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A genuinely friendly and informal web community where you can learn about photography as your skills progresses. A place to visit especially if you are just starting out. It's almost like moving into a village filled with photographers! You can ask questions. Buy and sell. Post lost and founds. Answer questions. Offer neighbor to neighbor advices and review your favorite photographic stores and equipments. If you put all that you know there that information will never be lost and will always be searchable in the future. It's a healthy community you'll sure to love, try it :)

It appears to be completely non-profit and cost nothing to use. But all who use it profits through sharing.

photo.net reminds me of everything2 in many ways, except that it specializes in the discussion of topics pertaining to photography.

Beside asking questions and getting answers (or offering them, of course), the members may also post their photographs, organize them into folders and portfolios. The photographs may be kept private, i.e., only you and your inner circle may view them, or public, i.e., anyone can see them. Even if they are public, you get to clearly state your copyright and allow or disallow others to use your photographs (most people do not allow such usage).

When you post your photographs, others can leave comments, which are generally very positive. Similarly, you can comment on other members' photographs.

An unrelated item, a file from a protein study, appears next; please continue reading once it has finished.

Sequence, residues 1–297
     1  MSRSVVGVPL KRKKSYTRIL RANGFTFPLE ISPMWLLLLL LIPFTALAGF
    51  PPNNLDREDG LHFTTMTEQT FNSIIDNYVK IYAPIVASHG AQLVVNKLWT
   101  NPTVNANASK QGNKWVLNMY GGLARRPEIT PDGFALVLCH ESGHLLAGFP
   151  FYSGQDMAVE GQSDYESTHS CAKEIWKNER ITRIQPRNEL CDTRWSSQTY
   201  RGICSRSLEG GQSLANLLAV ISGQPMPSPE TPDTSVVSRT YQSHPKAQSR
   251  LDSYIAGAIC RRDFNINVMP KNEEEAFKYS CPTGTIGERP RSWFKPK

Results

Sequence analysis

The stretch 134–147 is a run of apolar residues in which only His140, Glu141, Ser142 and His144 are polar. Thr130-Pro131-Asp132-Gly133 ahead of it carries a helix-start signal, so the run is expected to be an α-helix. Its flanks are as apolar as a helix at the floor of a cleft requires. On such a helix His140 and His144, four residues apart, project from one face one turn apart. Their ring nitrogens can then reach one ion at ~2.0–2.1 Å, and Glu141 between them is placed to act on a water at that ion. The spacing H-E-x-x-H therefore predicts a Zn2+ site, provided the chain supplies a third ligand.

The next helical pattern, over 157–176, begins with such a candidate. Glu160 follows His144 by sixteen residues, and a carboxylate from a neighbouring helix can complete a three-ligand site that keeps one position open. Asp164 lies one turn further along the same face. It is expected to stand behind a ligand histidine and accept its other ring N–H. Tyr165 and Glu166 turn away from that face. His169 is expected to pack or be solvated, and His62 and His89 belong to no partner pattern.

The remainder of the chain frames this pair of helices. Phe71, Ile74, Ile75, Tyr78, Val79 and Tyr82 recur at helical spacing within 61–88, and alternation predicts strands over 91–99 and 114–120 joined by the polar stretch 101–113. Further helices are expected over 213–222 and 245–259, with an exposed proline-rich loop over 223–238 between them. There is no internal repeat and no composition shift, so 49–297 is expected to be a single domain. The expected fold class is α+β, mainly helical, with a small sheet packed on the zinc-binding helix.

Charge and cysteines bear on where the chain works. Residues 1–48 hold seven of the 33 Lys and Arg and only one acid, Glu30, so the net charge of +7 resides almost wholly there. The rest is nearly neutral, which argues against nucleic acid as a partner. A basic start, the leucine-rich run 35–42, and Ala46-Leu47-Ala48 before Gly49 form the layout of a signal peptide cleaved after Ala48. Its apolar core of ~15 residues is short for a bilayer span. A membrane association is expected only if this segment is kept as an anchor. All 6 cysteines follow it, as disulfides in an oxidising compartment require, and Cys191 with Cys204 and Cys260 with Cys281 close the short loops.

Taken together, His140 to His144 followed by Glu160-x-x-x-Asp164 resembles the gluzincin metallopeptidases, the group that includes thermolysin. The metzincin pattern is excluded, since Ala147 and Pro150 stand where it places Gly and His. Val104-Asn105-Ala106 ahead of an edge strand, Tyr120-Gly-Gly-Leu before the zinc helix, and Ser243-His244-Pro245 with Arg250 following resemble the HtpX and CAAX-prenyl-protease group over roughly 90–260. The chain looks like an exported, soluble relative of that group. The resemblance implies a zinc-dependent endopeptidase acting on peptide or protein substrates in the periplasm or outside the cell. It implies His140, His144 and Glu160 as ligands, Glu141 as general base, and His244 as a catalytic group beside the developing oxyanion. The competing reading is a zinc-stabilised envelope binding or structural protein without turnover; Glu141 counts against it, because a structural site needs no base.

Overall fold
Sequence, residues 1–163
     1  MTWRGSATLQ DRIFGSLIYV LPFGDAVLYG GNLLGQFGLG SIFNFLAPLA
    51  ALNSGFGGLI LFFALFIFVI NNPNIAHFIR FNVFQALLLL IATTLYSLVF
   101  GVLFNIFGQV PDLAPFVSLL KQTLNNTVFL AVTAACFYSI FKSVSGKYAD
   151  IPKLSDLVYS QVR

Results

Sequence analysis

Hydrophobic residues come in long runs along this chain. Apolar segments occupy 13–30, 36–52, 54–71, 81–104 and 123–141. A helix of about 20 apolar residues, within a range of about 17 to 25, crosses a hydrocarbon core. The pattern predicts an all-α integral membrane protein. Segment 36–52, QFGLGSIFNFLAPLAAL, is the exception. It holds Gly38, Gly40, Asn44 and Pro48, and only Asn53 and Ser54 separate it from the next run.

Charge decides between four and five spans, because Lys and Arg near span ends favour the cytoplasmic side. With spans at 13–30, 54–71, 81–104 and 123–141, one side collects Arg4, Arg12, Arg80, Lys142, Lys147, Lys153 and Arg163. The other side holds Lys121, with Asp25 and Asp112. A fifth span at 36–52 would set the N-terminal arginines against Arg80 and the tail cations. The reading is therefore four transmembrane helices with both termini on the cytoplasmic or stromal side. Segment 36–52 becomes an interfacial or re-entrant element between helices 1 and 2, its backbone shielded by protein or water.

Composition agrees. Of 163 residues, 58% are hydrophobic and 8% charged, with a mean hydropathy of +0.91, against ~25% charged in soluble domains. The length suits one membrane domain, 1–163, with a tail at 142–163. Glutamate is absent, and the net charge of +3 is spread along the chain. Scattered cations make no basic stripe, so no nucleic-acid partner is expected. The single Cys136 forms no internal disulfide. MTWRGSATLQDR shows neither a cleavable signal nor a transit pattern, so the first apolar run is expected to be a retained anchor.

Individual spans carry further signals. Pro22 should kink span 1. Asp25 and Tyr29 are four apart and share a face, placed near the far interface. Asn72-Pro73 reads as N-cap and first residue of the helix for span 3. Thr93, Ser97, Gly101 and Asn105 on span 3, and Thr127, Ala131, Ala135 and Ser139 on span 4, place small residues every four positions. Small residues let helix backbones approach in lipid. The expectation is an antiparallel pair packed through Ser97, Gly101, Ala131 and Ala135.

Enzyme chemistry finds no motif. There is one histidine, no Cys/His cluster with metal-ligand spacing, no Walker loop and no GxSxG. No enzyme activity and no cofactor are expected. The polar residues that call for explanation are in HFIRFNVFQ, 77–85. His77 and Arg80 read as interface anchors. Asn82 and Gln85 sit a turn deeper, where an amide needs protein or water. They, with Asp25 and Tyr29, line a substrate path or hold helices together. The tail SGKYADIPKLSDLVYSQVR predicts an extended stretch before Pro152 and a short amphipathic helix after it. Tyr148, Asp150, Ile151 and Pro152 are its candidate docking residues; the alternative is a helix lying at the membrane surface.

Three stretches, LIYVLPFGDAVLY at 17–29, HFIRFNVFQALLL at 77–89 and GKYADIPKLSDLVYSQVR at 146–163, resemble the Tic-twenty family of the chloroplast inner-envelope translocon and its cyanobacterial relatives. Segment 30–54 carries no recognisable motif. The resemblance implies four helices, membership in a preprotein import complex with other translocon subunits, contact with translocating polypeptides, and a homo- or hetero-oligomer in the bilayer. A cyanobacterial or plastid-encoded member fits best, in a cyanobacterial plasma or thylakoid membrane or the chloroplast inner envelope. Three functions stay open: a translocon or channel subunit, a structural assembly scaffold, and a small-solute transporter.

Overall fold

Unlike E2, most people do not use handles but their real names.

Membership is free, which is quite amazing since all those photographs must require extensive storage resources.

Further, photo.net contains many good articles of interest to photographers, such as which labs are the best. Again, members can (and do) post comments at the bottom of each article.

If you are into photography, check it out: You'll feel in seventh heaven. The URL is http://www.photo.net/.

To add to the exiting writeups, photo.net is one of the earlier web-based communities on the net. It was founded in 1995 by MIT computer science professor Philip Greenspun. He later used photo.net as the basis for a consulting company he founded, ArsDigita, which implements similiar community systems for about $750,000 a pop. The basic software development kit of photo.net, known as ACS (a tcl/tk layer running on netscape server with an oracle db) is now open source, so you can roll your own for a lot less money.

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